With plenty of white space, the home page of the Hermes site begins with simplicity. The orange logo above the menu column, the orange selected text, and the brief orange lines in the illustration are the only color on this page. You will begin your charming journey of this online store by selecting the country from which you are shopping, which is indicated by the orange text.
Navigation buttons are easily recognizable by the simple sketches on every page of this site. Every page makes sense and it’s a breeze to travel through the pages to find items for which you are shopping.
I love the simplicity of this website but also its functionality. The home page is ultra simple with a single slim column. At first glance, the introduction may be difficult to read, but as you hover your mouse over the text, the words come into focus. When your cursor is not active on the page, the page is gray text on a white background. This text trick goes perfectly with the name of the site: Behind Design.
The menu is brief with only three choices: home, portfolio, and contact. Each of the pages remains in the single column design with the highlighting text throughout. On the portfolio page, descriptions of each project pop out as you hover your mouse over the thumbnail. This site succeeds in adding a hidden element of excitement to a minimalist design.
The contrast of the dark gray background with the white text and bold and colorful images is a great example of good minimalist design. The background remains stationary as you scroll down through the images on the Work page, and this nice usability feature remains the same on each of Calvez’s other pages.
Throughout this website, you won’t be disturbed by unnecessary images or misused fonts and colors. In fact, the About page is quite unique with a white flat globe image and icons that reveal more information when clicked. The minimalist design of this site is right on.
Confusing minimalistic design
Sometimes a web designer makes the mistake of creating a minimalist site that is difficult to use. These ill-designed sites often lack one of a few vital components: leading graphics/copy, consistency, or effective links. Below are a couple of sites in which the designer attempted minimalism, only to acheive confusion.
This website can certainly be called minimal with the black and white color scheme, no images, and plenty of white space. As you scroll down the page, you can find blog entries. The problem, though, is that links to additional information is hard to find. Without a clear menu, a visitor is unable to know exactly what kind of information is available.
You can see that the designer had the intention of creating a simple blog site that leads followers to check out a personal portfolio. The only problem is that most visitors in a hurry will not take the time to find the links hidden in the introduction.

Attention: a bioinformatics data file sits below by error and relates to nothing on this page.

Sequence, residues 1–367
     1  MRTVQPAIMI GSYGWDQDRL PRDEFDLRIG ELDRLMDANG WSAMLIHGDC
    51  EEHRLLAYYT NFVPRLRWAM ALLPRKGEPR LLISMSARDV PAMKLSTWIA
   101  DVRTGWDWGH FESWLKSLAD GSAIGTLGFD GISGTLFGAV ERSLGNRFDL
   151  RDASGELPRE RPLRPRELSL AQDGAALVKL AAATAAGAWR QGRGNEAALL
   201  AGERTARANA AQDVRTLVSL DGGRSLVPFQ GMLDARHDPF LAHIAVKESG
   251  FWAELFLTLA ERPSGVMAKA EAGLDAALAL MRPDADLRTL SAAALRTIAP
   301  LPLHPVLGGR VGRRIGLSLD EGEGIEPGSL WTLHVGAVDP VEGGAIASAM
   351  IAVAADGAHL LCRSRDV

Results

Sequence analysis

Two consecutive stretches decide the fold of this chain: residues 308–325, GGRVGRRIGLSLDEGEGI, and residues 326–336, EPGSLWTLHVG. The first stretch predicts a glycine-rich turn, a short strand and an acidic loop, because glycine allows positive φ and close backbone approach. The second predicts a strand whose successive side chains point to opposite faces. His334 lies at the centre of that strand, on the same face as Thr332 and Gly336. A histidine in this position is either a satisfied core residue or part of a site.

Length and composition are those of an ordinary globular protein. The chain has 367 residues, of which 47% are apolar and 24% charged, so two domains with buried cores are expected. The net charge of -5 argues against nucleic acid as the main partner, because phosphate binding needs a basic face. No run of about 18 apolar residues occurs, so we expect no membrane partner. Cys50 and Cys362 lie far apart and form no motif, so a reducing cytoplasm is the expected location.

Corporate Risk Watch
With no images and simple layout, this site is clearly minimalistic. However, the function of the site can be a bit confusing, which shows that minimalist websites need to take every part of site development into consideration.
Subheadings for heading links drop down within the grid on the page when scrolling over each link. Unfortunately, this not only covers up the text below, but can be distracting when trying to read the text. A menu that takes over the entire page disrupts the flow of the site, especially since the drop down menu remains highlighted after the link has been clicked.
Making minimalism work for you
For those who are wanting to give minimalism a try, make sure that you know some of the basic rules of thumb before beginning.
Eliminate unnecessary items
Every item within your design should have a purpose. Images should not be included unless they’re necessary for making your message clear. Edit your written content to include only the bare minimum needed to thoroughly explain your message.
Incorporate lots of white space
White space is the blank, not necessarily white, spaces between content. Rather than thinking of white space as empty space that needs to be filled, think of white space as frames and borders for your content. Make sure the empty space leads the eye in a logical pattern through the content. With plenty of white space, you will avoid a cluttered look.
Go easy on the color scheme
Limiting your color scheme doesn’t mean that you need to design in black and white with one accent color, although many minimalist designs do follow this color technique. Rather, the idea with a minimalist design is to use only the colors necessary to accurately portray your design and create hierarchy. Often, minimalism incorporates several colors but used in large chunks. Others only incorporate two colors into the design.
Design for character
Because minimalism requires the use of only the most essential elements, get creative with your design to stand out. For instance, create your own unique font for the title of your website. Use images rather than standard text for navigational elements or create your own original images for use in your design. Just be sure to add character by using only the bare essential elements, not by adding in extra unnecessary content.
Minimalism is inspiring, not lazy
Hopefully from the examples above, you have gathered that an effective minimalist site is an impressive piece of work and not something designers do just to cut down their design time on a tough project. In minimalism, the design is stripped of everything except for those components that are absolutely essential. If any element were removed, the design would cease to function.
Minimalist design has to be concise, organized, and consistent to be usable. What really makes a minimalist website inspiring is when a designer combines the usability factor with refinement. This perfect combination is a worthy goal that any designer can aspire to acheive.
If you have a favorite minimalist design, feel free to share it with the rest of us!
During my years in an agency, I've seen the spectrum of tool experimentation. I've heard passionate user experience designers argue in favor (and equally as often, against) Axure, Balsamiq, UXPin, Invision, Photoshop, you name it. We've tried it. Usually, the outcome is something out of Goldilocks and the Three Bears: the tool is too robust, or too simplistic, too slow, or too buggy, and no one's happy.